The standard treatments for PTSD at Veterans Affairs, clinics include long-term exposure therapy, in which patients are urged to talk repeatedly about the source of their trauma, and cognitive processing therapy, which is designed to help them reframe negative thoughts. Many patients are also prescribed anti-anxiety drugs and antidepressants.

Hundreds of veterans have traveled to psychedelic retreat centers abroad, and many have become advocates for expanding access to hallucinogens.

“There’s a risk that you won’t do anything because veterans are seeking care elsewhere,” says Dr. Shannon T. Remick, a psychiatrist at the Veterans Affairs Healthcare System in Loma Linda, California, who treats PTSD patients with MDMA. “It is our priority to ensure that veterans are safe and receive the best care.”

Research by Dr. Remick includes 10 combat veterans who will each undergo three MDMA sessions along with psychotherapy. Participants are followed for at least one year.

Overall, the studies will involve several dozen participants, a small fraction of the Veterans Affairs patient population. But the researchers said they expect colleagues across the bureaucracy to launch more soon, with bigger ones likely in the future.

In interviews, the clinicians leading psychedelic studies said the Veterans Affairs health care system is the ideal place to study the therapeutic potential, limitations and potential dangers of hallucinogens, including cardiovascular anomalies and episodes of psychosis.

“The VA is in some ways the best place for this kind of research,” says Dr. Leslie Morland, a clinical psychologist at the Veterans Affairs Healthcare System in San Diego, who is studying the possibility that MDMA may improve couples therapy in marriages strained by PTSD. “The VA is going to make sure we have good data to support its safety and efficacy before offering it to veterans, as I think is appropriate.”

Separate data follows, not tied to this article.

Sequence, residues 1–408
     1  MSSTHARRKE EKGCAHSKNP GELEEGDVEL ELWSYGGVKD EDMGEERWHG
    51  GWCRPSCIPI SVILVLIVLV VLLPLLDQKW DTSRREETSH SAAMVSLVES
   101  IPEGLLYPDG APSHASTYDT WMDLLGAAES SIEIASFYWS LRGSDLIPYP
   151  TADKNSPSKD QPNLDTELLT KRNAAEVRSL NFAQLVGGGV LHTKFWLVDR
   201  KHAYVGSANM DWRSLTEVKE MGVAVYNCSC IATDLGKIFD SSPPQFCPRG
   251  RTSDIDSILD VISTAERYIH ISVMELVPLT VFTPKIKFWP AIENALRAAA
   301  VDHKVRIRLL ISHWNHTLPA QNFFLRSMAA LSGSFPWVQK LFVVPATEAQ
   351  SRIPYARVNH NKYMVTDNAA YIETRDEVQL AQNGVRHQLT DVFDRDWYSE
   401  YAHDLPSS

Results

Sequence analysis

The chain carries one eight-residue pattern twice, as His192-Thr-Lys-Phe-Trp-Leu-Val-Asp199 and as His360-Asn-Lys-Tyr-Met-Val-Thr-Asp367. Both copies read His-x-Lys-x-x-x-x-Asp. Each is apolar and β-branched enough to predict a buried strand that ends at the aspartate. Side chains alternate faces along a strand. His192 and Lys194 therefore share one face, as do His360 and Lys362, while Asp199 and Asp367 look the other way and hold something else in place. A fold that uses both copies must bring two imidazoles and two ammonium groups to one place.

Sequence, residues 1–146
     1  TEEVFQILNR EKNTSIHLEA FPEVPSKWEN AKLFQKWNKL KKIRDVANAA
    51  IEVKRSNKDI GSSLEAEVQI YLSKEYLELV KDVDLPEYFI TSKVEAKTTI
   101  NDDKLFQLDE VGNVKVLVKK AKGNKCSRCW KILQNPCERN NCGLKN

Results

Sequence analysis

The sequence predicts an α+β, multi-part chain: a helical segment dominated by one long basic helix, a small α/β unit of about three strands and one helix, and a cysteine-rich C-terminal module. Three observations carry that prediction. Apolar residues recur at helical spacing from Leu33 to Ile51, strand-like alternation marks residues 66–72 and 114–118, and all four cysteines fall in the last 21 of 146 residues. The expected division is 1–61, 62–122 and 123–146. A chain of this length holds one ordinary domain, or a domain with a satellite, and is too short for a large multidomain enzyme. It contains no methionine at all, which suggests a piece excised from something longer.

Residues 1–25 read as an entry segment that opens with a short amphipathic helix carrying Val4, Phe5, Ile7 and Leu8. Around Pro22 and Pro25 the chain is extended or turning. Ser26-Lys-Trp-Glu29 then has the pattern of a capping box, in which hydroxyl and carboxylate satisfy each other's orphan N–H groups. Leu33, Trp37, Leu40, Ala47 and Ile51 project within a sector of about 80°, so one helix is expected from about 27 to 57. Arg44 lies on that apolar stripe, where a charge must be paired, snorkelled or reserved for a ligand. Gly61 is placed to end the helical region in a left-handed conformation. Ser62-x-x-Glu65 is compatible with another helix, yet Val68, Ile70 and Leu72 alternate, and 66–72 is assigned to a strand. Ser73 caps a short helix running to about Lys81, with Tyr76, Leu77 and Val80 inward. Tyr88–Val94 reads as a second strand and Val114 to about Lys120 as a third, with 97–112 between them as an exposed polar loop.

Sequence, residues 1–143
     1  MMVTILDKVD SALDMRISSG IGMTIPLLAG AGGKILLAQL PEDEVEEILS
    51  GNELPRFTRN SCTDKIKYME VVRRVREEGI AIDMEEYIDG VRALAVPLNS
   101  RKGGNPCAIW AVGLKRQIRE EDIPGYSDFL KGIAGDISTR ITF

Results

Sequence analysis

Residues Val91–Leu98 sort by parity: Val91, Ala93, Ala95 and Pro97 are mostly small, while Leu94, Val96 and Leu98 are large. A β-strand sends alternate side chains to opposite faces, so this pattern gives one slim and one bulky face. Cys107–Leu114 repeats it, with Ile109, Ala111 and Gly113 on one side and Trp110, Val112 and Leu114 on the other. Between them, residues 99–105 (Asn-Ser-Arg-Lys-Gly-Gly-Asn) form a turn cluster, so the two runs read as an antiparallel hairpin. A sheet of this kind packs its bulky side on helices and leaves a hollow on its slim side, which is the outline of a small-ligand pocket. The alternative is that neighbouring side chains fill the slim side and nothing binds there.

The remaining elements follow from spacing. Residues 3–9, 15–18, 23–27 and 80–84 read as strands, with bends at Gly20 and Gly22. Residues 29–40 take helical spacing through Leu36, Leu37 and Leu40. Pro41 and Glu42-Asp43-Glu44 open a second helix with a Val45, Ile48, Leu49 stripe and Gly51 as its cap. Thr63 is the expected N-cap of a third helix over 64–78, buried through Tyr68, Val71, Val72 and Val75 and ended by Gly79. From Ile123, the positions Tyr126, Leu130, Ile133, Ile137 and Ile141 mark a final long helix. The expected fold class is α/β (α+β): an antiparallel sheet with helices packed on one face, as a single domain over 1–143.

dr. Yehuda, a renowned expert on PTSD, said she was convinced that psychedelics would become a revolutionary tool in mental health treatment. But researchers still have a lot to learn, she said.

“I think it will be a breakthrough for a lot of people,” she said. “But we just have to find out who they are, and more importantly, who they aren’t.”

In her trial, MDMA sessions typically last eight hours and patients are offered an initial and supplemental dose. Veterans enjoy the experience by listening to soft music and are allowed to wear eyeshadow. A few therapists monitor the patient and speak as little or as much as the patient seems to encourage.

dr. Yehuda said sessions can be excruciatingly painful, a process she likened to giving birth.

“The most common misconception about MDMA in psychotherapy is that you take this magic pill that will take your symptoms away,” she said. “What happens is you get into a state that’s conducive to doing hard work in a way where you’re in the right window of tolerance where you can engage emotionally, where you can process the memory but not like it so much.” upset by the memory of becoming emotionally numb.”

dr. Yehuda said existing therapies for PTSD often led to a reduction in anxiety. But she said the early results of MDMA studies showed something amazing in the field.

“A lot of people show what looks like remission,” she said.

The clinicians leading the studies said they were trying to control their enthusiasm while building on a body of scientific research.

“We take vulnerable people, especially people with severe mental illness, PTSD, substance abuse disorders, and we put them in a vulnerable state of mind, a very impressionable state of mind,” said Dr. Christopher Stauffer, a psychiatrist. at the Veterans Affairs Healthcare System in Portland, which leads two psychedelic studies. “We have to be super careful about bias in all directions, from the researchers to the participants.”

Yet said Dr. Stauffer that it was absolutely necessary to innovate and take deliberate risks.

“We have a mental health crisis right now and our current mental health system is not able to manage it adequately,” he said.

Some of the VA studies are funded and supported in part by the Multidisciplinary Association for Psychedelic Studies, a nonprofit that has been pushing the federal government for years to legalize medicinal psychedelics. Its executive director, Rick Doblin, said the government could have saved lives decades ago by recognizing the therapeutic value of hallucinogens.

“I’m hopeful that the treatment will eventually be widely available throughout the system,” he said. “Yet I shudder to think of how many vets died of PTSD in those years, often by suicide.”